Tuesday, August 11, 2009

Canadian Government Must Not Delay Help for Hog Farmers

The American government seems poised to offer help to the hog industry in the form of loans, government purchases of pork, and help accessing markets:

US Agriculture Secretary Tom Vilsack has announced that USDA is undertaking an unprecedented effort to use the department's administrative flexibility to provide relief to individuals and businesses in struggling agriculture industries.

Vilsack has ordered USDA Rural Development and the Farm Service Agency to use all available means to help producers, processors and other small businesses who have been hit by worsening economic conditions.

"The Obama Administration is committed to doing everything it can to help families and businesses in agriculture to get through these tough economic times," said
Vilsack. "Not only is this effort critical to restoring economic prosperity in America's rural communities, it is essential to ensure that Americans continue to have access to a safe, secure, and healthy food supply."

And in addition to the loans:
The governors of nine key pork-producing states sent President Obama a letter Friday urging him to rescue an industry that's been battered by high commodity prices and worries about disease. "Today, the pork industry is facing an economic crisis that is catastrophic in nature," the governors said in the letter. They urged Obama to purchase an additional $50 million in pork for government nutrition programs, eliminate a ceiling on how much surplus product the Agriculture Department can buy and push to expand export markets, primarily to China.
Pretty reasonable really, nothing on the scale of the bank and auto bailouts. So why the vicious attack on Canadian hog farmers for doing the same thing? The Financial Post reported Friday:

Aid for Canadian hogs will read as an attack on farmers in the United States, Canada’s largest market, where producers say they’ll do what they can to stop the proposal.

“Essentially, what this does is it transfers suffering among pork producers from north of the border to south of the border, and we’re not going to stand by and let that happen,” said Nick Giordano, vice-president of the U.S. National Pork Producers Council. “We’re not going to want to wait. We’re going to scream bloody murder. We’re going to go political.”

What he means is a trade action, the kind that cost Ontario hog producers $5 million to defend less than 5 years ago. It's an empty threat. In order for the Americans to defend a duty they need to show injury and typically that involves increased shipments into the US market. However, the Canadian hog industry has shrunk dramatically in response to low prices, high feed costs, unfavourable exchange rates, and trade challenges like Country of Origin Labelling and the H1N1 impact on export markets. The Canadian Pork Council has put forward a very mild ask of the Canadian government for loans to help farmers restructure their operations and a program to help others exit the industry. The American industry looks like it will receive the same kind of help, there's no time for delay.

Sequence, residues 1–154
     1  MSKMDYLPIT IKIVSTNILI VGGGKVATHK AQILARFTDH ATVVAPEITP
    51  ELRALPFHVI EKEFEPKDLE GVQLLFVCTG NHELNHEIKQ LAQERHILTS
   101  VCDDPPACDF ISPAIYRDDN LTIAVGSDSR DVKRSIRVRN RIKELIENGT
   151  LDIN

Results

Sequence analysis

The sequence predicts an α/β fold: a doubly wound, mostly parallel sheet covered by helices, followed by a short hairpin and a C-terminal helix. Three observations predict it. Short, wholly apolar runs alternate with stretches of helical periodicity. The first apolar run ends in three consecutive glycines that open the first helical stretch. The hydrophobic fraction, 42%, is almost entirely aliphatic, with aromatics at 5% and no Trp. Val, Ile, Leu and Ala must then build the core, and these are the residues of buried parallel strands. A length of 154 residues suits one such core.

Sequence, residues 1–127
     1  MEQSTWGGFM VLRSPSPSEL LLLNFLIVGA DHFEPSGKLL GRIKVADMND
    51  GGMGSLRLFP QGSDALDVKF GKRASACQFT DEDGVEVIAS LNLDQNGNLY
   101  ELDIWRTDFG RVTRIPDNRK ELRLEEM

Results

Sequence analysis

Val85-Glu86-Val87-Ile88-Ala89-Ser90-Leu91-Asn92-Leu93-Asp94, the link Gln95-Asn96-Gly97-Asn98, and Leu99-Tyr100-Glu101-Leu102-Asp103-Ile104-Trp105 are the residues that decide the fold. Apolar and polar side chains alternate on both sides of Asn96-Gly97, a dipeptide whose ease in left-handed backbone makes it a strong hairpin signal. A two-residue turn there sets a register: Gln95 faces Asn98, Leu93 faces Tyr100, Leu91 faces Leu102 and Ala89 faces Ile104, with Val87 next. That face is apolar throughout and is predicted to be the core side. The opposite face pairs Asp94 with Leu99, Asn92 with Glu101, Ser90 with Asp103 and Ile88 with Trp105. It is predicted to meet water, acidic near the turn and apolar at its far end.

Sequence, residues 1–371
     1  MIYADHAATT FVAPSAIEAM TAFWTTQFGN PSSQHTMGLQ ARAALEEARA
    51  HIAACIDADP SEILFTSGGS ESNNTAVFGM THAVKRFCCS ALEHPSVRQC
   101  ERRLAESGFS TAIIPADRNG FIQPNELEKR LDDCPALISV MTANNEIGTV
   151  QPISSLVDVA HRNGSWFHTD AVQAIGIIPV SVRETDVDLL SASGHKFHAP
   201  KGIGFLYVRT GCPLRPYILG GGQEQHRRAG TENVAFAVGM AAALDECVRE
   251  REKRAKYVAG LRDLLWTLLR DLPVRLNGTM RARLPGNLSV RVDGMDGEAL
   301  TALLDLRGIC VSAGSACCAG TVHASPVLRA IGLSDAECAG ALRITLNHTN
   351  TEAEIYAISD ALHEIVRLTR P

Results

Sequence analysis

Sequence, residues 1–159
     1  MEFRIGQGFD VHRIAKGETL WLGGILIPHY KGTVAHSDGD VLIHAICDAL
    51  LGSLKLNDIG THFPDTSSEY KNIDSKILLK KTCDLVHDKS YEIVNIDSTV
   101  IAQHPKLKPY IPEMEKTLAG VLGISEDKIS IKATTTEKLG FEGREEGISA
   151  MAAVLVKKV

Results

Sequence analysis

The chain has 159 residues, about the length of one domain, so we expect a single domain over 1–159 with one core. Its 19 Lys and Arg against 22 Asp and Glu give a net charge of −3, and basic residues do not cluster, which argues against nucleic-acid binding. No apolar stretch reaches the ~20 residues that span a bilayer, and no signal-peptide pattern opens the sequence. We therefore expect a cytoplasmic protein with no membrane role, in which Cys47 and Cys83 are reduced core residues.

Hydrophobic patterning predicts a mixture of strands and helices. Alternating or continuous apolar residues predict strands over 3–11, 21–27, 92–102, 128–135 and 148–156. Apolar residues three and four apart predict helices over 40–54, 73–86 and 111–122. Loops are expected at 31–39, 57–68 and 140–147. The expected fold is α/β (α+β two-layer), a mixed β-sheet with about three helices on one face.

Thursday, August 06, 2009

Newfoundlanders Fight Back

I've just returned from a vacation to Newfoundland. The Newfoundlanders have a great sense of humour - some of them certainly tell the best Newfie jokes. On the Island I found out they're pretty good at laughing at the rest of us too. Here are two examples. A Newfie told me:
A group of American tourists in Newfoundland went down to the harbour to buy some fresh lobster, but they didn't know how to cook them they asked the Newfies what to do. The Newfies said boil some water and throw in the lobster. So the Americans lit a big fire on the beach put a big pot on top and let it boil. When it was time to throw the lobsters in the Americans just couldn't bring themselves to kill the lobsters so they ran up the hill and released the lobsters in the forest.
But it's not just Americans the Newfies poke fun at. Driving through Gander I heard this advertisement on the radio:

Toronto used to be a great city . . . It used to have the world's tallest free standing structure, now it's the second tallest. . .

It used to be a clean city now they can't even handle their garbage. . .

They used to have a good hockey team, but the Maple Leafs haven't won a Stanley Cup in over 40 years. . .

Toronto needs your help . . .

Fly direct to Toronto from Gander International Airport.

Aside from the humour and the genuinely friendly people, it's a great vacation spot. There's breath taking scenery every where you go, a rich history, amazing wildlife on land and at sea and great parties. Plan a visit sometime.